Foreign companies trying to expand in Japan have plenty of obstacles to contend with, from prying regulators to finicky consumers to a closed and often bewildering business culture.

But many say a more fundamental handicap is the lack of qualified workers to staff their Japanese operations.

“No matter what part of the cycle you’re in, you’ve always got a shortage,” says Kevin Gibson, managing director at Robert Walters Japan, a recruiting firm.

“Most companies have a strong Asian growth strategy and they’re very reluctant to jeopardise that with knee-jerk reactions,” he says. “Everyone is looking for the same kind of people.”

Those people, managers and recruiters say, are experienced, bilingual and have specialist skills in their fields – be it accounting, marketing or engineering. They are rare enough in any country but Japan is seen as particularly bad at producing them.

“China is newer to the global scene but it’s much easier to find a local manager there who has talent and an international outlook,” says Darryl Green, president of Asia-Pacific operations at Manpower, another recruiting firm.

In a recent Manpower survey of foreign and domestic companies in Japan, six in 10 employers said they had trouble filling positions, compared with a global average of four in 10. Foreign companies face the tightest conditions because of the additional skills they require, from languages to familiarity with international standards.

In accounting, for example, there are fewer than 18,000 Japanese certified public accountants compared with 250,000 in the US. Say 10 per cent of them speak English and half of those are in private practice. “That leaves a pool of 850 to 900 people for foreign companies,” says Mr Gibson.

In financial services, where there have been job cuts in areas linked to the US subprime mortgage mess, bankers and traders say the industry’s bias remains tilted towards hiring. One jokes that for every derivatives trader put out on the street at least two compliance officers are needed.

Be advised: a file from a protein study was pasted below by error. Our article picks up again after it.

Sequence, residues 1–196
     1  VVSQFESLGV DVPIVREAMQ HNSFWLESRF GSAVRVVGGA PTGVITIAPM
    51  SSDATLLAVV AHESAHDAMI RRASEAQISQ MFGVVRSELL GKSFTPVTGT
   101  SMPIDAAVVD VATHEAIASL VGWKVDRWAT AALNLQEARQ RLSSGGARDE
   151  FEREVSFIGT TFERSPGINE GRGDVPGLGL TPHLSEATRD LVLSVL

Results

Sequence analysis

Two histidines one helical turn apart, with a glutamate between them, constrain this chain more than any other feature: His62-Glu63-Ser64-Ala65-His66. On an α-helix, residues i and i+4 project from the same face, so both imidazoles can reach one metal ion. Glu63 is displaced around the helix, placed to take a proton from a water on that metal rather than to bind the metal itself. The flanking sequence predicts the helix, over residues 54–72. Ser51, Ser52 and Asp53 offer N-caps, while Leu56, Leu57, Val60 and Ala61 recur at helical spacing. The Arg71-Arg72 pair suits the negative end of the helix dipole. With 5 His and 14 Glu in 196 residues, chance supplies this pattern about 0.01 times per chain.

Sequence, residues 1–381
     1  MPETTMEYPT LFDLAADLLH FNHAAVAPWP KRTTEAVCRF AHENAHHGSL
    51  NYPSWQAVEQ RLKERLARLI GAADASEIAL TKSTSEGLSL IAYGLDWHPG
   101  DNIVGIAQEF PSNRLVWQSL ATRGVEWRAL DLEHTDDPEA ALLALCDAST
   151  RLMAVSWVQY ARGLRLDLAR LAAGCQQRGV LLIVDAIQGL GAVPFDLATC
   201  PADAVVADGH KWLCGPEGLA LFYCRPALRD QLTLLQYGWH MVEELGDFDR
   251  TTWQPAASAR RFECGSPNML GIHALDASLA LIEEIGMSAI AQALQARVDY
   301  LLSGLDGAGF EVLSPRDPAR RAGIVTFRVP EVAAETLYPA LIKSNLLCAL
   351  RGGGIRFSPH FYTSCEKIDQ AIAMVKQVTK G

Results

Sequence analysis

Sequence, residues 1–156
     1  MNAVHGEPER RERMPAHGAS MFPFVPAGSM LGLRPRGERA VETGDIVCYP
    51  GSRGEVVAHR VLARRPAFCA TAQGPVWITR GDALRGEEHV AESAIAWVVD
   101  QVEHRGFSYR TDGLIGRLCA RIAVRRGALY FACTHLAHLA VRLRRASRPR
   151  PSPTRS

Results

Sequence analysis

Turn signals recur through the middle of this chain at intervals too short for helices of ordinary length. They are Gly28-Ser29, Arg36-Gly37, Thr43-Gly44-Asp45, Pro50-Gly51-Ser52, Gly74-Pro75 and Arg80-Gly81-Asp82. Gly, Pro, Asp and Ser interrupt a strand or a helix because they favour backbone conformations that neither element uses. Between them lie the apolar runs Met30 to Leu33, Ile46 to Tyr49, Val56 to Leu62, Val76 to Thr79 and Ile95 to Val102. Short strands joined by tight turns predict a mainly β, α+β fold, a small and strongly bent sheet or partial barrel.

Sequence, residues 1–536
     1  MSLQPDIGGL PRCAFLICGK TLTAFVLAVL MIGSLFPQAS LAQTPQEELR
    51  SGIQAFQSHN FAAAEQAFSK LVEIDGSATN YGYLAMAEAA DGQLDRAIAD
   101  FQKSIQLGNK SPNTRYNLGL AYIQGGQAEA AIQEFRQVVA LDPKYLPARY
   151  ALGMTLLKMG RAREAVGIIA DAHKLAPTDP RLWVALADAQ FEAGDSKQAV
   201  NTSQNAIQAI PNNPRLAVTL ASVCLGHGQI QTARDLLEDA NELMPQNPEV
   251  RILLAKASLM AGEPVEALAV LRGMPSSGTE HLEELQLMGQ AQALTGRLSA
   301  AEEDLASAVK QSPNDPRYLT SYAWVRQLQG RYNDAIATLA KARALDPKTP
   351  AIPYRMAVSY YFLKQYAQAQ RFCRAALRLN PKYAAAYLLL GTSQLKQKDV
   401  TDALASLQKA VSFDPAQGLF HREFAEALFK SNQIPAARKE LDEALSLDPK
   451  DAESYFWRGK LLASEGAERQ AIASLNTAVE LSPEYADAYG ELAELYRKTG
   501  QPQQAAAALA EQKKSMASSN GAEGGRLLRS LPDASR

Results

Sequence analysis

A number of reasons are put forward for the talent shortage. Japanese companies tend to train managers as generalists, swapping them among often unrelated divisions every few years. That makes them unsuited to foreign companies that place a premium on specialisation.

Experienced workers are anyway reluctant to switch companies. Job-swapping is less rare than it used to be but “there’s still an amazing amount of loyalty,” says Mr Green. Social pressure to stick with an employer is reinforced by a salary structure rewarding long service.

For companies hiring new graduates, Japan’s low birth rate means there are fewer to choose from every year, and some say basic skills are in decline. Japanese students are placed much further down the global rankings in maths and science than a generation ago.

Compounding these handicaps is the Japanese tin ear for foreign languages – an affliction rivalled perhaps only by native speakers of English. Just nine of 147 countries rank lower than Japan in average scores on the widely used Toefl English proficiency test.

Many foreign companies have responded to the skills drought by stepping up in-house training. Oracle and SAP, for example, have launched programmes to train engineers from Japanese technology companies to implement their business software platforms.

The crunch has also led to a boom in specialist recruitment. Robert Walters has increased its own staff in Japan to 160 from 100 last year while Manpower says it has doubled revenues in the country in seven years.

Headhunting in Japan is tough. Manpower successfully places a worker in only about 35 per cent of cases, about half its global “fill rate”. To lure a candidate away from his or her job at a Japanese company, foreign employers must offer a 10-15 per cent salary increase and reduce as many of the risks of moving as possible.

Recruiters are meanwhile targeting niche pools of labour. One is new retirees, a group expected to grow by about 1m over the next three or four years. Japanese companies often rehire pension-age workers as contractors but their wages can fall by as much as two thirds, making them open to offers from foreign companies.

Another source is the 100,000 or so young people who return to Japan each year after studying or “working holidays” abroad. They boast language skills and an international outlook and often fall though the cracks of Japan’s traditional recruiting system, which favours fresh graduates selected in annual examinations.

Many of the returnees are women – a third big pool for recruiters. “Twenty years ago women were …viewed simply as secretaries,” says Mr Green. “That’s changed, but it’s still a male-dominated society. You can get a comparatively better talent pool if you exploit that.”

Copyright The Financial Times Limited 2018. All rights reserved.

Comments have not been enabled for this article.